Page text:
- Uninsured rate essentially unchanged from 12.3% in third quarter of 2017
- Uninsured rate has increased 1.3 points since last quarter of 2016
WASHINGTON, D.C. — The percentage of U.S. adults without health insurance was essentially unchanged in the fourth quarter of 2017, at 12.2%, but it is up 1.3 percentage points from the record low of 10.9% found in the last quarter of 2016. The 1.3-point increase in the uninsured rate during 2017 is the largest single-year increase Gallup and Sharecare have measured since beginning to track the rate in 2008, including the period before the Affordable Care Act (ACA) went into effect. That 1.3 point increase represents an estimated 3.2 million Americans who entered the ranks of the uninsured in 2017.
The results for the fourth quarter of 2017 are based on more than 25,000 interviews with U.S. adults aged 18 and older from October 1 to December 31, conducted as part of the Gallup-Sharecare Well-Being Index.
Despite the uninsured rate rising in 2017, it remains well below its peak of 18.0% measured in the third quarter of 2013, prior to the implementation of the ACA’s healthcare exchanges and the requirement that most adults have health insurance or be subject to a fine, commonly known as the individual mandate.
Several factors likely contributed to the increase in the uninsured rate in 2017. Some insurance companies stopped offering insurance through the exchanges, and the resulting lack of competition drove up the cost of plans for consumers. This may have caused some Americans, especially those who failed to qualify for federal subsidies, to forgo insurance.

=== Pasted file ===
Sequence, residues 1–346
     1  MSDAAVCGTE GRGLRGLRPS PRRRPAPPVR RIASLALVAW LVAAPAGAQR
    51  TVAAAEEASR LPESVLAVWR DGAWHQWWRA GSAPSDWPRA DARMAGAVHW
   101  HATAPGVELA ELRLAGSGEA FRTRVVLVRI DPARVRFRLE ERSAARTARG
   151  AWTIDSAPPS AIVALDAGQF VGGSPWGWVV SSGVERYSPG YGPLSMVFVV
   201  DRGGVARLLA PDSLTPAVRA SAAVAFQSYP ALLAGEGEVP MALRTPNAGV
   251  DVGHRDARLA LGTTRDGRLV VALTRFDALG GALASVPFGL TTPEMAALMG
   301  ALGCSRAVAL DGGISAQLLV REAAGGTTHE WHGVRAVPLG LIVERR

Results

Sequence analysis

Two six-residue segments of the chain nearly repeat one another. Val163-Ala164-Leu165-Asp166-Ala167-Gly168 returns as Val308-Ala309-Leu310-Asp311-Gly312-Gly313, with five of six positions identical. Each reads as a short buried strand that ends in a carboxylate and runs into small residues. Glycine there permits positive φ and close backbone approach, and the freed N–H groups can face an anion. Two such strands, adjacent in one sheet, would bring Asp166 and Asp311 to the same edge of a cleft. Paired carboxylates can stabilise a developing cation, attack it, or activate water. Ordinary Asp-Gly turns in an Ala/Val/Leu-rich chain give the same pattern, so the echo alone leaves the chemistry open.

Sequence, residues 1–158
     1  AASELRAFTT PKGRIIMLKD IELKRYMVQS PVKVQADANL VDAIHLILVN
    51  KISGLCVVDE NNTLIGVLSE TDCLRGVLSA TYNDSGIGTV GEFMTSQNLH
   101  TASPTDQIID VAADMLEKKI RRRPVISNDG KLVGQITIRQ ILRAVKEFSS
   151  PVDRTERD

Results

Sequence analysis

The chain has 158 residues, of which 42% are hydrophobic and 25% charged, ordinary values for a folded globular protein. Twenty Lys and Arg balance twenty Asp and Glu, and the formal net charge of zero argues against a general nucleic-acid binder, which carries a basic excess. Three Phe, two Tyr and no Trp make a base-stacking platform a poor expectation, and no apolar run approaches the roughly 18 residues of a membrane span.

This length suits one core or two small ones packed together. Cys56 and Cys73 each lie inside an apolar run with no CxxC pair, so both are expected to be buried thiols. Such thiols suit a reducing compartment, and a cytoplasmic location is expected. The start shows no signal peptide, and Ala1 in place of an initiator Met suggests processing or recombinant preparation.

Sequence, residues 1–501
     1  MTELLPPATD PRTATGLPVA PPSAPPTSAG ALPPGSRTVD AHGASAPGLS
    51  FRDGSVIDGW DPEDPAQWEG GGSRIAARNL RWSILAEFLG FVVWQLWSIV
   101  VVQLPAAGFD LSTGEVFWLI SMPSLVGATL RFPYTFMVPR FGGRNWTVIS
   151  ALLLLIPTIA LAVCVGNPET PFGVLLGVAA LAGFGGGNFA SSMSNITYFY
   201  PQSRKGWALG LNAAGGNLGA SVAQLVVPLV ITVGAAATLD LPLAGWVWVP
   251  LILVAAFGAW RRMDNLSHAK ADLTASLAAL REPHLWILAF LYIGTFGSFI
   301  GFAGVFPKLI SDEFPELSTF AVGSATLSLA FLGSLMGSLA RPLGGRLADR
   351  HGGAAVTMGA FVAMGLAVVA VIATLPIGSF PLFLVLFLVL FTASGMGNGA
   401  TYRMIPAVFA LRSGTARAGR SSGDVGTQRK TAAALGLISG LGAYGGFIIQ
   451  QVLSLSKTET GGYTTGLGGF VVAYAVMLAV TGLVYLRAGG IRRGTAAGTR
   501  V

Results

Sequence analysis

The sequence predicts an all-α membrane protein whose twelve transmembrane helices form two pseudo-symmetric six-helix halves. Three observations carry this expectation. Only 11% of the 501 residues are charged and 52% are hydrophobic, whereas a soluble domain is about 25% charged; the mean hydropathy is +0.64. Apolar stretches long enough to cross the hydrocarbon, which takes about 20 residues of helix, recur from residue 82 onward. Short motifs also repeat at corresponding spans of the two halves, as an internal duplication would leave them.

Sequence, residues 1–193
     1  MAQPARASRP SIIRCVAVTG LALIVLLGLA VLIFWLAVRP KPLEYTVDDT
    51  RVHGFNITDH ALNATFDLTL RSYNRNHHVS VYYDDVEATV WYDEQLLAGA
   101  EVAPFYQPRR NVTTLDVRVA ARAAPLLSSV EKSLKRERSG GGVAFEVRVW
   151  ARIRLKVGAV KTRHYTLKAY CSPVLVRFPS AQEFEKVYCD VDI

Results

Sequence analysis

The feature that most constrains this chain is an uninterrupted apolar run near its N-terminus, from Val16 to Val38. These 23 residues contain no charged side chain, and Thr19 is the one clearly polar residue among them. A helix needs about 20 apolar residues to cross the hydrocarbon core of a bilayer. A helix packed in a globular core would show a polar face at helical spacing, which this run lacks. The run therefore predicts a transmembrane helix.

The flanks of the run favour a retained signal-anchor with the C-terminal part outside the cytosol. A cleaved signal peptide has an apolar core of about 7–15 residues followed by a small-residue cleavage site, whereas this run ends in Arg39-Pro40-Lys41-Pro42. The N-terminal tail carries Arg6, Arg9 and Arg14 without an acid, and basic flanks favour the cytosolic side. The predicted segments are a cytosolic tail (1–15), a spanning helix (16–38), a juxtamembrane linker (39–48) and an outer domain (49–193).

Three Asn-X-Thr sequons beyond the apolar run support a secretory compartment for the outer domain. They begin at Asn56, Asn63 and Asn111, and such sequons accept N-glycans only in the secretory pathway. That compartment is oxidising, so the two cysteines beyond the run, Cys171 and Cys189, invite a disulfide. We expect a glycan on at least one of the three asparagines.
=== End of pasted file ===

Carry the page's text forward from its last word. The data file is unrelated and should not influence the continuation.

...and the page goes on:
Further, media coverage of the policies to repeal and replace the healthcare law may have caused some consumers to question whether the government would enforce the penalty for not having insurance. Congressional Republicans made several attempts to repeal or replace the healthcare law during 2017, ultimately passing a tax bill in December that repealed the individual mandate.
Uninsured Rate Up Among Key Subgroups
The uninsured rate rose for all demographic groups in 2017, with the exception of those aged 65 and older, all of whom qualify for Medicare coverage. It increased most among young adults, blacks, Hispanics and low-income Americans.
Importantly, the uninsured rate among adults aged 18-25 rose by 2.0 points in 2017. Young adults serve a critical function in healthcare markets because their low usage of healthcare helps offset the higher costs of insuring older Americans.
Black and Hispanic adults saw a 2.3 and 2.2 point increase in their uninsured rate in 2017, respectively. By comparison, the uninsured rate for whites grew less than 1.0 point over that same period. The percentage of low-income adults without health insurance in 2017 rose 2.0 points, while middle- and high-income Americans’ saw their uninsured rates increase by 1.4 and 0.8 points, respectively.
Fewer Americans Bought Their Own Health Plans in 2017
Gallup and Sharecare also track the ways in which Americans aged 18 to 64 (those who are not eligible for Medicare) obtain their health insurance — whether that be through an employer, union, the government or a direct purchase from an insurance company.
By far, the biggest change in 2017 was the decline in the percentage of Americans purchasing their own plans, likely through ACA healthcare exchanges. In the last quarter of 2017, 20.3% of Americans said they bought their plan themselves, down 1.0 point from 21.3% at the end of 2016.